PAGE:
Cilantro Carrot Slaw

As a food blogger and creator of recipes I often struggle with how original a recipe needs to be to truly call it my own. When is an altered recipe merely adapted, and when does it become an entirely new creation?

I found this recipe for Carrot and Cilantro Salad shared by Debbie from Easy Natural Food. She got the recipe from Cuisine Magazine and altered the proportions slightly.

When I made my version, I did a little more than alter. I consider it to be an entirely new recipe, albeit strongly inspired by Debbie’s post.


Since I’m in the middle of a Whole30, I swapped out the honey for 1/2 a shredded pear. I used a variety that is still rather firm upon ripening in order to avoid it turning to mush when I grated it. I’m a major lover of combining cilantro and lime, so I went with lime juice instead of lemon juice. I also drastically decreased the amount of onion in the recipe. I did this mainly because I have a hard time tolerating large amounts of raw onion, but the tangy flavor from the cilantro and onion was just enough. I wouldn’t add more even if I could!
20130710-213725.jpgThis slaw was unexpectedly delicious. It’s always nice to include an entirely raw dish in your menu plan! Whether you want to follow my recipe, Debbie’s recipe, or make up your own, I highly recommend it! And if you have the option, splurge for some organic carrots. In my experience, the organic variety taste infinitely better – a difference I don’t notice between the organic and regular versions of most produce.

Cilantro Carrot Slaw

Serves 2-3

2 carrots, peeled and grated
1/2 pear, grated (firmer varieties work best)
1/4 cup cilantro leaves, chopped
2 tbsp onion, minced
1 tbsp lime juice
2 tbsp extra virgin olive oil
Salt and pepper to taste

Combine all ingredients and toss to coat with lime juice, olive oil, salt and pepper.


Middle Eastern Tapas

When I was a kid, my mom would sometimes make what we called “appetizers for dinner.” Now that we’re all a little more worldly, I’ve put two and two together and realize that it was tapas! How sophisticated we were, without even knowing it. 😉

I had the evening free last night, so I decided to try out two new recipes. It ended up being a scaled down version of “appetizers for dinner” centered around a cuisine that I can’t get enough of: Middle Eastern. The two recipes I used as my guide were this babaganoush recipe from Ellie Krieger at Food Network and this falafel recipe from Angela at Vegangela. If you’d like to make the recipes, you can find them by following the links above!

Both recipes involved prepping quite a few ingredients, so I put the quinoa on for the falafel and threw the eggplant in the oven. While they cooked, I got all my chopping done!

IMG_1897Gotta love mise en place! It really does make cooking so much easier. The quinoa and eggplant finished around the same time. I set the quinoa to the side to cool and got to work scooping the gooey insides out of the eggplant and into the blender!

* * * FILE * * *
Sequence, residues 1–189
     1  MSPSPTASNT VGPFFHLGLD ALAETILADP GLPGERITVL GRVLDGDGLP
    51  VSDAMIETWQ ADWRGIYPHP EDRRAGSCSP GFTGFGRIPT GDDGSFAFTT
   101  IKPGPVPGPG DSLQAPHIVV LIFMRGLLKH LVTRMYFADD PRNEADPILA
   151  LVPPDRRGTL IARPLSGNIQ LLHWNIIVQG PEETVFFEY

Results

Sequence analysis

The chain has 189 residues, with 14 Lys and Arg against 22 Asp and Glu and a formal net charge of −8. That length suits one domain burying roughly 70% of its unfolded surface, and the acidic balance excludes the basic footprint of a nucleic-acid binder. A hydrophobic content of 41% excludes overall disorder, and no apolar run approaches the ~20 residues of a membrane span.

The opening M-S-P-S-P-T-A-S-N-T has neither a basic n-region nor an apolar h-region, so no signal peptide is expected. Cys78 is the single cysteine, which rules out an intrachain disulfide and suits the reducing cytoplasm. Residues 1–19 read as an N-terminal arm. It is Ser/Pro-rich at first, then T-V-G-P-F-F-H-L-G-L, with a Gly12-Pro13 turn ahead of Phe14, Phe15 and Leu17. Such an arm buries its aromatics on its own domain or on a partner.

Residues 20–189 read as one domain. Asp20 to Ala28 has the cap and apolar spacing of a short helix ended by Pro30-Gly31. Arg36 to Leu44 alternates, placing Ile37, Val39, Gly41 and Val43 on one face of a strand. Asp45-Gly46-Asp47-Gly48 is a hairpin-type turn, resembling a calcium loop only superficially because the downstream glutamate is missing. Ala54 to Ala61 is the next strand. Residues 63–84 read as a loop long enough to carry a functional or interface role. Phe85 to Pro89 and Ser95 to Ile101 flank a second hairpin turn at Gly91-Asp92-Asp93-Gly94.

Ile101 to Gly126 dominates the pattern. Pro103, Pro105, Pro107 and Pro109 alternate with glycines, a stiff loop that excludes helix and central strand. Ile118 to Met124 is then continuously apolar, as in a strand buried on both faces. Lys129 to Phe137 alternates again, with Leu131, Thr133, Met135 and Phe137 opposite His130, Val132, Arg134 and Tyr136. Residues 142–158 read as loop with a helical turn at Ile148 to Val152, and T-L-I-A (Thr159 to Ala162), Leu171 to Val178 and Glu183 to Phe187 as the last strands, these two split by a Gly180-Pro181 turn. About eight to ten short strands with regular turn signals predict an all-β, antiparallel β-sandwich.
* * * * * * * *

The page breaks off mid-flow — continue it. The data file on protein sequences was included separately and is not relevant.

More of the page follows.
IMG_1903I made the babaganoush first and set it aside to work on the falafel. Following the advice of the recipe, I made the avocado tahini dressing and then started on the falafel patties. This version is unique in that it uses quinoa for a light, airy texture. AND it uses cilantro, my absolute favorite herb. After sauteing the garlic and onion, I mixed all the ingredients together and started frying!

IMG_1906For my readers with IC – you may be freaking out looking at all that onion on my chopping board. Well, I was too. I ended up putting in only about a half of the onion I chopped (for a total of about 1/4 of a medium onion in the falafel mix) and added some extra garlic instead. Extra garlic in place of onion is a trick I use in almost every recipe I make. If you’re super sensitive, you can just leave the onion out altogether and add as much garlic as you want!

The only other change I made to the recipe was using real eggs in place of the vegan variety.

I wanted a fresh and light drink to contrast with the rich flavors of my meal, so I blended up a few slices of watermelon. Yum! the perfect “cocktail” to go with my tapas.

IMG_1919Finally, I chopped some red pepper and carrot slices for dipping.



IMG_1924My tapas meal was so satisfying! I will definitely make both recipes again, using considerably less lemon in the babaganoush (Don’t you love it when a dish tastes better without an ingredient you’re supposed to avoid!?!) and ditching the avocado tahini sauce – I’ll probably go with a tzatziki type sauce next time. The good news is I have lots of cilantro left – perhaps some Vietnamese food tomorrow? 🙂

Do you ever make tapas style dishes at home? What are your favorites?